As the Zionist Organization was busy garnering political support of the Western powers for its enterprise, various Jewish militant groups started emerging with political motives in Palestine by the beginning of the 20th Century. These illegal terrorist groups, organized to volunteer for security services in Jewish settlements and joined up with local farmers and youth groups, were supported through the Jewish National Fund, established by the Organization to raise funds for purchasing of land in Palestine, subsidizing settlers and settlements, and strengthening the security infrastructure for the safety and development of Jewish community. The financial support was necessary to mobilize a well-planned, structured, and unhindered immigration and colonization movement for transferring Diaspora to Palestine and creating an immigrant settler society.
At this stage, Zionist leaders were aware of the implications of vast scale Jewish immigration and settlements in a country that constituted more than 90 percent of Arab population. One of the most imminent implications was a violent conflict that was doomed to emerge between the two people subscribing to very opposite ideologies. Therefore, the Zionists made serious efforts from the onset to organize the newly-formed militias into a proper Jewish force. These efforts laid down the foundations of Jewish community as a “… special (but not unique) type of militaristic society. This civilian militarism was found to be not only a basic cultural code but also an organizational principle around which large segments of [Israeli] society are arranged.”
On the political front, Zionist Organization’s agenda conspired with the British imperialism and Biblical aspirations of expanding its Empire to the Ottoman controlled trade and energy routes in the Middle East, and even to the Holy Land of Palestine. So, “the history of Anglo-Zionist relations in 1917 is a history of the slow movement into conjunction of two groups both of which, for different ends, wanted a British Palestine.” The Zionists expected that the “Jewish dreams of establishing a State in Palestine” would come true and “Britain might derive from a protectorate over a grateful Jewish community on the east flank of the Suez Canal.”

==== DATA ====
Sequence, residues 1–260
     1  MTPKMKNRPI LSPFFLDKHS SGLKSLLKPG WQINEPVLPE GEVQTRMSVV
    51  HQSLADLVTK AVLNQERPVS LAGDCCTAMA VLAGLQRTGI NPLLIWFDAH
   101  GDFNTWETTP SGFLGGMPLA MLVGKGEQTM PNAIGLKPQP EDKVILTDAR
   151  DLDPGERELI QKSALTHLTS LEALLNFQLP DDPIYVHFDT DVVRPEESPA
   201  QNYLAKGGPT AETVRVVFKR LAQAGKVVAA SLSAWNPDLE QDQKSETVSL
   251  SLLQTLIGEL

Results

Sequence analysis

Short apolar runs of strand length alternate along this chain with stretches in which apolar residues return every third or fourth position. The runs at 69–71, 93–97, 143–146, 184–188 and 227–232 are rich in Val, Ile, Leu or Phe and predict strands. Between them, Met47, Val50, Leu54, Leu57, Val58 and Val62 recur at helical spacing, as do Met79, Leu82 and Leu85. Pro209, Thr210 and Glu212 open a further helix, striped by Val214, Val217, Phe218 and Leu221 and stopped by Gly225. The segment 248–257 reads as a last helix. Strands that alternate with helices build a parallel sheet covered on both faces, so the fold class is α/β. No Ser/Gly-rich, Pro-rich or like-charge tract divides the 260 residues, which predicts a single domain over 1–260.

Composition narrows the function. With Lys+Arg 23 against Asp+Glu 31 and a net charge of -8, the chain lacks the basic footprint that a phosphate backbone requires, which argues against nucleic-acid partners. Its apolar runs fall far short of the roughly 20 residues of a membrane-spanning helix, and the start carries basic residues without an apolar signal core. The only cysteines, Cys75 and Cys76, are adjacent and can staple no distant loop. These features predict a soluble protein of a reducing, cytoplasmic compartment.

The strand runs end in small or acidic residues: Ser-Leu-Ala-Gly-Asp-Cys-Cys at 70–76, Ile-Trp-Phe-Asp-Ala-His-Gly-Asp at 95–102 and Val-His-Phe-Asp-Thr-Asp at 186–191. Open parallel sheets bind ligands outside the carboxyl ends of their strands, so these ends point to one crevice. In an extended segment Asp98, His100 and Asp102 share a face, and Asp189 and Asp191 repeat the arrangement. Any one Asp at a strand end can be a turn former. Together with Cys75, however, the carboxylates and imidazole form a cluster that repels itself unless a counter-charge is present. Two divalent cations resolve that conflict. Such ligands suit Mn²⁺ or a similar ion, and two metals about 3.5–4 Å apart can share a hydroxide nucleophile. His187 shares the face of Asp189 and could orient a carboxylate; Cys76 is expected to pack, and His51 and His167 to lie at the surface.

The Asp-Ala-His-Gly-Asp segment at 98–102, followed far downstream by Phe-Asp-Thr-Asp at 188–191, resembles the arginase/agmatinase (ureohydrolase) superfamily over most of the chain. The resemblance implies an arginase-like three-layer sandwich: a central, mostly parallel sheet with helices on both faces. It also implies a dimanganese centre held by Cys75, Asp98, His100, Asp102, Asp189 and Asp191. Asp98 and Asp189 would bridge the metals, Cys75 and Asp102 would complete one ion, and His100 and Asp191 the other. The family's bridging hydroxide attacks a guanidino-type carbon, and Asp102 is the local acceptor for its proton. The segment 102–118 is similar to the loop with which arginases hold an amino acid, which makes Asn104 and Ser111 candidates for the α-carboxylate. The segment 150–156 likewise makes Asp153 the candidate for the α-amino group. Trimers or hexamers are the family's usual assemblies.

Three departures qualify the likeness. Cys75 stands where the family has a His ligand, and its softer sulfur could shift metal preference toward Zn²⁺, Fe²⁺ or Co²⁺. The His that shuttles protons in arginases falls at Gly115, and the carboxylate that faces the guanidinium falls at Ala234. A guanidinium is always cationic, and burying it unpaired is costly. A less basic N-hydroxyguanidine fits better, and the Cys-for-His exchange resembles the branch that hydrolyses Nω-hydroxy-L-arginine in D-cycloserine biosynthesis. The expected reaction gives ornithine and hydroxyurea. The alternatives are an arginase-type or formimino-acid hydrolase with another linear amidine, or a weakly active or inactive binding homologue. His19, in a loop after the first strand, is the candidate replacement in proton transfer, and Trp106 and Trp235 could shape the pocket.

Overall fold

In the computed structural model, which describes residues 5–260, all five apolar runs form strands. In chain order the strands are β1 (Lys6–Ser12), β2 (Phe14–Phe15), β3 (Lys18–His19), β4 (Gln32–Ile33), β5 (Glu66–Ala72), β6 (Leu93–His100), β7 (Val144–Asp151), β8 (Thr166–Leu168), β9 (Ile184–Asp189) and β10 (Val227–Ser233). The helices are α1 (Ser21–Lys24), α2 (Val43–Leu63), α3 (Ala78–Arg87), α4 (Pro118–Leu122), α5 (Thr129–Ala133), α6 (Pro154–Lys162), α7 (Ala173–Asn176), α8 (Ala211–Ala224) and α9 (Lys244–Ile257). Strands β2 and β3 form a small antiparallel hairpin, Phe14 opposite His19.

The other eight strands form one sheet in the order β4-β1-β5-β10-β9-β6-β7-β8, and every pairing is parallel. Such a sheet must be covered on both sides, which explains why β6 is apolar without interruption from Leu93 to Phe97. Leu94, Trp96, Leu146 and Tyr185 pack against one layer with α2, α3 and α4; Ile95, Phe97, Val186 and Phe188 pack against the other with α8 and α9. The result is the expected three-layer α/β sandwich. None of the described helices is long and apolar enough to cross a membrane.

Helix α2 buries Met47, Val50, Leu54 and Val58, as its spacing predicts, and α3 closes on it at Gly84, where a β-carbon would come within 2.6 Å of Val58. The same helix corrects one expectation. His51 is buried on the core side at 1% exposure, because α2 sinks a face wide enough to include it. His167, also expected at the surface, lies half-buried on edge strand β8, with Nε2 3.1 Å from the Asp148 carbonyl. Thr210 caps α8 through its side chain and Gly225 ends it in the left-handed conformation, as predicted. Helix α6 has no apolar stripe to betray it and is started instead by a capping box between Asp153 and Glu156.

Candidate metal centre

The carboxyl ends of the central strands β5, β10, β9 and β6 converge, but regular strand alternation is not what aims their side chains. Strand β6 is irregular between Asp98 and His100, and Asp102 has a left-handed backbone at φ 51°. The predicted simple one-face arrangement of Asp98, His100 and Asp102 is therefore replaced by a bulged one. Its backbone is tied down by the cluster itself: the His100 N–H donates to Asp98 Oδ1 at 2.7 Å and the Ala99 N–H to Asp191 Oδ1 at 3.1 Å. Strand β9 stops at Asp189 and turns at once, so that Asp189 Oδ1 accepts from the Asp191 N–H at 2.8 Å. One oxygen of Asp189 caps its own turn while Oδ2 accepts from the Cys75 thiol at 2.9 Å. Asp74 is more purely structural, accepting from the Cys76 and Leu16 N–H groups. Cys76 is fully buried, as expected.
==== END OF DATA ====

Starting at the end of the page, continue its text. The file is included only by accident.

The collusion of British Empire with the Zionists became the first instance of superpowers’ support to Jews in Palestine. The Great Britain, being a shrewd imperial power, played a double game at this stage: on the one hand it promised the Arabs “of a confederacy of Arab states … ‘support in their struggle for freedom’ in all areas that the Arabs liberated for themselves.” On the other hand, pledges “concerning the right of Jewish immigration and settlement in Palestine” and ultimately a Jewish State in Palestine were made with Jews in the form of Balfour Declaration, “the memorandum which for the first time used the phrase a ‘Jewish National Home’.”
Fulfilling their due role, the Jewish militants and early settlers started performing ‘intelligence work’ for the British forces behind the Ottoman-German lines all through the World War I. “During this period, the first Jewish battalions were created within the framework of British Army fighting in the Middle Eastern theatre. These were composed of volunteers and conscripts from Palestine, Britain and America; and they provided the Jewish youth with their first opportunity to acquire better military training and organization, and also to accumulate a certain amount of light military equipment which proved subsequently to be of great use.” The creation of these Jewish battalions was a signal towards proactive Zionists approach of employing force as a tool of achieving political goals and prevailing over the enemies of Zionist project in Palestine.
On the Arab side, the Arab leaders fighting along Allied forces against Turks wrongly assumed from British promises that “the independence promise included Palestine.” However, at Peace Conference, held in Paris in 1919 to conclude the WWI, Britain struck a deal with France thereby Mandate in Palestine and Mosul was allocated to the former in exchange for the latter’s Mandate in Syria.
Consequently, French became the Mandatory power in Syria in April 1920, and with the withdrawal of British forces, which helped Faisal I in power, the French forces fought to take control of Syria and drove him out by the mid 1920. In January 1921, Faisal asserted in the British Foreign Office that Palestine was included in the area of Arab independence. “His claim was part of an Arab case that they denied—to him there and then, and forever thereafter.”